2. Combine all the marinade ingredients, pour 3/4 of the mix into the bag or bowl with the chicken. Scrunch everything together so the marinade coats each thigh, this is easy to do in a ziplock bag. Keep in the fridge overnight. When I thought about it, I turned the bag over to remix. Reserve the remaining tahini mixture separately in the fridge.
  3. When ready to cook, preheat the oven to 400 degrees F.
  4. Remove the chicken thighs from the marinade but try and keep as much sauce on them as possible. Place them on a foil lined baking sheet or in a roasting pan, try to leave a little space between each thigh. Sprinkle them with a little coarse salt. Discard any leftover chicken marinade from the bag or bowl.
  5. Roast for 30-40 minutes or until brown and done, the time will depend on the size of your thighs.
  6. Let the thighs rest while you make the salad.

Tomato and Cucumber Salad

Tomato and Cucumber Salad

Ingredients:

  1. 1 cup chopped cucumber, peeled and seeded if necessary
  2. 1 cup cherry tomatoes, halved, different colors and types if possible
  3. 1/2 small red onion, sliced
  4. 1/2 cup parsley, roughly chopped
  5. 1 tablespoon mint, roughly chopped
  6. 1/2 tablespoon freshly squeezed lime juice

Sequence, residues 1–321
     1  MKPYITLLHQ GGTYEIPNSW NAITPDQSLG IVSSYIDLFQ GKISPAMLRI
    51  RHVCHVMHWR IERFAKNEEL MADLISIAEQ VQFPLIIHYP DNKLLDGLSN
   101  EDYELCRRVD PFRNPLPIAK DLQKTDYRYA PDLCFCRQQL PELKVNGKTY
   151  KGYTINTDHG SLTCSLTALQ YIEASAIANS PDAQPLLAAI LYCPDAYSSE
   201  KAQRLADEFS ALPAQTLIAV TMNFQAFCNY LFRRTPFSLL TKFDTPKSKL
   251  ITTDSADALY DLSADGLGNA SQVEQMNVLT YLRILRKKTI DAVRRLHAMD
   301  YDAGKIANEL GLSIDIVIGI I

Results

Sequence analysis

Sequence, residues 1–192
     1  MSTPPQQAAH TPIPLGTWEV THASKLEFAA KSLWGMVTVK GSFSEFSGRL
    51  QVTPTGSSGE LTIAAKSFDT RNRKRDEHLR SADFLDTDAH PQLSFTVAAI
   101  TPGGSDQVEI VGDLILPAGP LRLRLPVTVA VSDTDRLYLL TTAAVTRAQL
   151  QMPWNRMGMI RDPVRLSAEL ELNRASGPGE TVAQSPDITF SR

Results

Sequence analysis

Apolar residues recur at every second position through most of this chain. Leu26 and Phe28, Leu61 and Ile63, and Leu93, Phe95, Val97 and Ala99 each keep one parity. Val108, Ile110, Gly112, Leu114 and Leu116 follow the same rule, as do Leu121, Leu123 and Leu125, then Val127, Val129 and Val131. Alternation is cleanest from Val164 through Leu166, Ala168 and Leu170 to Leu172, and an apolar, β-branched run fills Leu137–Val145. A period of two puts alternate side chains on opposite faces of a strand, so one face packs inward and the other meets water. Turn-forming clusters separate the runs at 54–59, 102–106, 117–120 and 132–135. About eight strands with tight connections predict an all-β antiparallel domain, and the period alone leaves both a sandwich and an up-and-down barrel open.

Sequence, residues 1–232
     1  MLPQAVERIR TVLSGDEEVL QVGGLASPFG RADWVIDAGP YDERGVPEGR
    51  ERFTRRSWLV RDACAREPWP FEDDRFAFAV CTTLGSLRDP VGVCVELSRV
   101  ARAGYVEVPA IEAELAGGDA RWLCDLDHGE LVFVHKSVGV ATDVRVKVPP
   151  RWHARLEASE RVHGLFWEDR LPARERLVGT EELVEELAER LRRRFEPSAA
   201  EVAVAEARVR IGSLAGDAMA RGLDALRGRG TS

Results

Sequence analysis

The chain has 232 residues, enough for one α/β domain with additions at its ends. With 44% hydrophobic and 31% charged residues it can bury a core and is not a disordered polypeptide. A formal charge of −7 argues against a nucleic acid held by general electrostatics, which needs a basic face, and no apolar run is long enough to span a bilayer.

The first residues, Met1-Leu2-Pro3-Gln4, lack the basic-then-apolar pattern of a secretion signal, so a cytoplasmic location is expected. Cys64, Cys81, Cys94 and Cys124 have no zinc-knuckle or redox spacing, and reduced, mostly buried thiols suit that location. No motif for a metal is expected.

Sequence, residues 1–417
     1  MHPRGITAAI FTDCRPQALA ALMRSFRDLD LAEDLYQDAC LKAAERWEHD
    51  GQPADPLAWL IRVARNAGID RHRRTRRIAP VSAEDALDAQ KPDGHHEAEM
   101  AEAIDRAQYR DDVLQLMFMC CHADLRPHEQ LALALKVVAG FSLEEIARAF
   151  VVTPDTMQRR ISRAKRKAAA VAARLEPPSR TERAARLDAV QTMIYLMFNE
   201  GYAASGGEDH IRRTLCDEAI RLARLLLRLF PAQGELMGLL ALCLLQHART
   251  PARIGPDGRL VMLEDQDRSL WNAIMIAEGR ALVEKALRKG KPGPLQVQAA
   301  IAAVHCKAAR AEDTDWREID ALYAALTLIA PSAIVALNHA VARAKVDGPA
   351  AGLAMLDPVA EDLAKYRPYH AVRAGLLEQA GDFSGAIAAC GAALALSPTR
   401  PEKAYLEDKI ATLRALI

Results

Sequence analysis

7. 1 teaspoon extra virgin olive oil
  8. coarse salt to taste

Method:

  1. Mix all of the ingredients together and give them a toss.
  2. Serve with the chicken.

Drizzle the extra tahini sauce over the chicken when serving.

Tahini Marinated Chicken Thighs with Tomato Cucumber Salad

The thighs were tender but lightly crisp.

Tahini Marinated Chicken Thighs with Tomato Cucumber Salad

And the tomato salad could be a stand in for this summers coming tomato salads. In the bay area we often have to wait until August or September…a long way away. It wouldn’t hurt to add a chopped avocado if you happen to have one laying around, just saying.

Tahini Marinated Chicken Thighs with Tomato Cucumber Salad

This is a Fiesta Friday worthy recipe. It has been a few months since I joined the party and I think this is one the group will enjoy. This week is is Fiesta Friday #221.

What is Fiesta Friday? It is a gathering of bloggers with links to their posts, all hosted by Angie on her Fiesta Friday site. you can think click on any links that interest you. Angie usually have one or two co-hosts and this week it is Jenny @ Dragonfly Home Recipes.

Each week Angie and her co-host select four outstanding recipes or posts from the previous week’s group to feature. There are some amazing blogs out there!

Please stop by the party.

 

 

January – Week 4, phase 1

January – Week 4, phase 1